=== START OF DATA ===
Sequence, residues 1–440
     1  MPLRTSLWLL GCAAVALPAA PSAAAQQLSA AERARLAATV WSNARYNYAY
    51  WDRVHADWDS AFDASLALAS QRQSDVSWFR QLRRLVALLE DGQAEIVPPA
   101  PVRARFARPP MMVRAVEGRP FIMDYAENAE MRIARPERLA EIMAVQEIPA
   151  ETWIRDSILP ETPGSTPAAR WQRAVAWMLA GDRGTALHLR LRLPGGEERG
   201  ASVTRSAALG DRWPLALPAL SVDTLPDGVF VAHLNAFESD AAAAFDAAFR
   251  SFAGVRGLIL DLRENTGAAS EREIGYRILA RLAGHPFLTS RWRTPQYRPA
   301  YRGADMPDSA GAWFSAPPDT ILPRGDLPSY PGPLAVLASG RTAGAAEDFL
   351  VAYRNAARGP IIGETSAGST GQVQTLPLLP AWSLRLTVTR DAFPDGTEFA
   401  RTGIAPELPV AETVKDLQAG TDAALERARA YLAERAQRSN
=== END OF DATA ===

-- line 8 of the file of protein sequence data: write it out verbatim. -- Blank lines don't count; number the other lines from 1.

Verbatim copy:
   301  YRGADMPDSA GAWFSAPPDT ILPRGDLPSY PGPLAVLASG RTAGAAEDFL